The exit polls conducted on election day in 2012 sent a chill through the spines of Republican strategists.
The data was stark and concerning. There are far fewer white voters than ever before. The electorate is growing younger, more diverse and more liberal. Without massive change, the GOP would be relegated to permanent minority status in presidential elections.
The RNC panicked. They produced a report that said that Republicans needed to make significant gains among Hispanics to be competitive. Elites jumped on immigration reform as the way to do it. They drove a wedge between themselves and the party’s base, destroying Marco Rubio’s presidential ambitions with the gang of 8 reform bill and, ultimately, led to the nomination of Donald Trump as the most significant consequence of the backlash.
Now it turns out that none of that may have been necessary because the data on which the assumptions that led to these events was probably wrong!
The New York Times has the story…
New analysis by The Upshot shows that millions more white, older working-class voters went to the polls in 2012 than was found by exit polls on Election Day. This raises the prospect that Mr. Trump has a larger pool of potential voters than generally believed.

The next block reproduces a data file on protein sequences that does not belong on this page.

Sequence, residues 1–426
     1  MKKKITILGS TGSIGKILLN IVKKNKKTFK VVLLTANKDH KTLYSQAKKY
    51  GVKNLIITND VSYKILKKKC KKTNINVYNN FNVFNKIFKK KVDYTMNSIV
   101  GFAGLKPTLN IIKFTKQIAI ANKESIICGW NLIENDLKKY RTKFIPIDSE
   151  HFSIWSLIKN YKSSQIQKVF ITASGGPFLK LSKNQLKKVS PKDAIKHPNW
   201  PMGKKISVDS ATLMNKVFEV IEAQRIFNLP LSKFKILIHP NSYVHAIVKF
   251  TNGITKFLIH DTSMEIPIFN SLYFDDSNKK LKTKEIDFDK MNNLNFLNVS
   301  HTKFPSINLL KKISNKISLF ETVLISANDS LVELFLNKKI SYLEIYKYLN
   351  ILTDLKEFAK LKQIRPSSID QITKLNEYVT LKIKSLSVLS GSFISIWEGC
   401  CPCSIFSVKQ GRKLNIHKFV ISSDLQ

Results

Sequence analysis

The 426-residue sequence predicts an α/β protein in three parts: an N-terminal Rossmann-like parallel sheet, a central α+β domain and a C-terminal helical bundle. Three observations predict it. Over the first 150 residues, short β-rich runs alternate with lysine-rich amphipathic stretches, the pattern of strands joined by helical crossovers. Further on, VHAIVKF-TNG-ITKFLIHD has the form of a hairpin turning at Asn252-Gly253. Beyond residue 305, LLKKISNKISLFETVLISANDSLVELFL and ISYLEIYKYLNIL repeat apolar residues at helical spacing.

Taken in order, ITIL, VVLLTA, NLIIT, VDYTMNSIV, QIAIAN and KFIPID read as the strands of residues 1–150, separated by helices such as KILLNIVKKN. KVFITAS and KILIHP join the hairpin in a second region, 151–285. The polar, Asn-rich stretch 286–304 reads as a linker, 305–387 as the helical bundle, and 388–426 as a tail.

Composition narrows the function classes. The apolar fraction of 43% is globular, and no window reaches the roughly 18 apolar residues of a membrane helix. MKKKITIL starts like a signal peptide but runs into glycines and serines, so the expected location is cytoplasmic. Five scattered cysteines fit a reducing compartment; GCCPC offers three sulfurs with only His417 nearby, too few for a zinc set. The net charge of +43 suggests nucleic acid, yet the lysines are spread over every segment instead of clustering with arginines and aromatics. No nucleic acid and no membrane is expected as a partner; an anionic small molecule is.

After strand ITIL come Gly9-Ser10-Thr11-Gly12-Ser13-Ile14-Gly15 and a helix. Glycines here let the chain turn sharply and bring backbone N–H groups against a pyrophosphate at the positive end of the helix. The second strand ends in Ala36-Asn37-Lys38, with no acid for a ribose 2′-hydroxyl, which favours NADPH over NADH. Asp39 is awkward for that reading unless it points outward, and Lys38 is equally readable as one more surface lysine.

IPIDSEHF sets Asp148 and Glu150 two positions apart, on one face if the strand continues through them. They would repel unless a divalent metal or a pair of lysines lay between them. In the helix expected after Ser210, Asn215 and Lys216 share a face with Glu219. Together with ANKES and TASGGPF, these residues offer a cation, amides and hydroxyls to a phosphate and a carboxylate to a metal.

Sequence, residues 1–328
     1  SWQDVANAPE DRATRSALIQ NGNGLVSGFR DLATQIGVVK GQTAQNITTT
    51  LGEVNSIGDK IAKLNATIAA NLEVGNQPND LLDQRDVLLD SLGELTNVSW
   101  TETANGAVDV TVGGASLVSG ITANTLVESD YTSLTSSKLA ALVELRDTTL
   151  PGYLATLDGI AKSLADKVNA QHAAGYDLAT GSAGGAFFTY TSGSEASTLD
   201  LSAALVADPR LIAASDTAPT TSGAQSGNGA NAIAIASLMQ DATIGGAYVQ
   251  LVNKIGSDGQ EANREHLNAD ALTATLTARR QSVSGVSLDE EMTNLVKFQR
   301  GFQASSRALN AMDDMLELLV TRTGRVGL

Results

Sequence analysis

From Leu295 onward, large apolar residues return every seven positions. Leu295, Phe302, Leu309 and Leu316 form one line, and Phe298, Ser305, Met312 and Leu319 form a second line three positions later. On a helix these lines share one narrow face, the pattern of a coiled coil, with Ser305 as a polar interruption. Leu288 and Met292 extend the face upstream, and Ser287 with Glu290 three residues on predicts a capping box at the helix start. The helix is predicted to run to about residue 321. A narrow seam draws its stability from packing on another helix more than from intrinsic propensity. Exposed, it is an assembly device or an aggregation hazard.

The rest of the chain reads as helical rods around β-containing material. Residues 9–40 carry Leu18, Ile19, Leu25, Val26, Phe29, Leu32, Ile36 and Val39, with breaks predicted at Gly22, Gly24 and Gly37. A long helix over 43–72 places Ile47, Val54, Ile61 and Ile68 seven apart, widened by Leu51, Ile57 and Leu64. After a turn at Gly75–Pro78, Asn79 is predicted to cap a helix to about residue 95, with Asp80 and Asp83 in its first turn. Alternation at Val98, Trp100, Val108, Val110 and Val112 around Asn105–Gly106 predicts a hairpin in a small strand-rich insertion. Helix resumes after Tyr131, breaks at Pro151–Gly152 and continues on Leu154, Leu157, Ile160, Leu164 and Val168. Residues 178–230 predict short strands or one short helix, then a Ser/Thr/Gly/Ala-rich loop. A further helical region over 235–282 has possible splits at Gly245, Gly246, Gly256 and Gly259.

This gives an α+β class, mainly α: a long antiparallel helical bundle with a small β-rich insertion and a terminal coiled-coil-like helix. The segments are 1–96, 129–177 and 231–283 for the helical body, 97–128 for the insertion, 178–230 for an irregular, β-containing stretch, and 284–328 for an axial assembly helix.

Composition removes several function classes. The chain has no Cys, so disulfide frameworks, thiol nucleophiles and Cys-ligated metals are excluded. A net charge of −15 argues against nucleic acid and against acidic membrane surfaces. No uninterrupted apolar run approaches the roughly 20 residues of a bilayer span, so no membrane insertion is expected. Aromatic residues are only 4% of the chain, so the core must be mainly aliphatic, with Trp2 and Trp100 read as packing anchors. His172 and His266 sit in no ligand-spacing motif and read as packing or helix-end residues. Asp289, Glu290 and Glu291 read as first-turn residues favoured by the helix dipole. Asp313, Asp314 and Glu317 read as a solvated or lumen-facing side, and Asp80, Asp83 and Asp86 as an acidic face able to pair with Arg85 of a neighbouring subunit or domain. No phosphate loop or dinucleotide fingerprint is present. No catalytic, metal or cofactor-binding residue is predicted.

The wider path may help explain why Mr. Trump is competitive in early general election surveys against Hillary Clinton. And it calls into question the prevailing demographic explanation of recent elections, which held that Barack Obama did very poorly among whites and won only because young and minority voters turned out in record numbers. This story line led Republicans to conclude that they had maximized their support from white voters and needed to reach out to Hispanics to win in 2016.
Those previous conclusions emerged from exit polls released on election night. The new data from the census, voter registration files, polls and the finalized results tells a subtly different story with potential consequences for the 2016 election.
Source: New York Times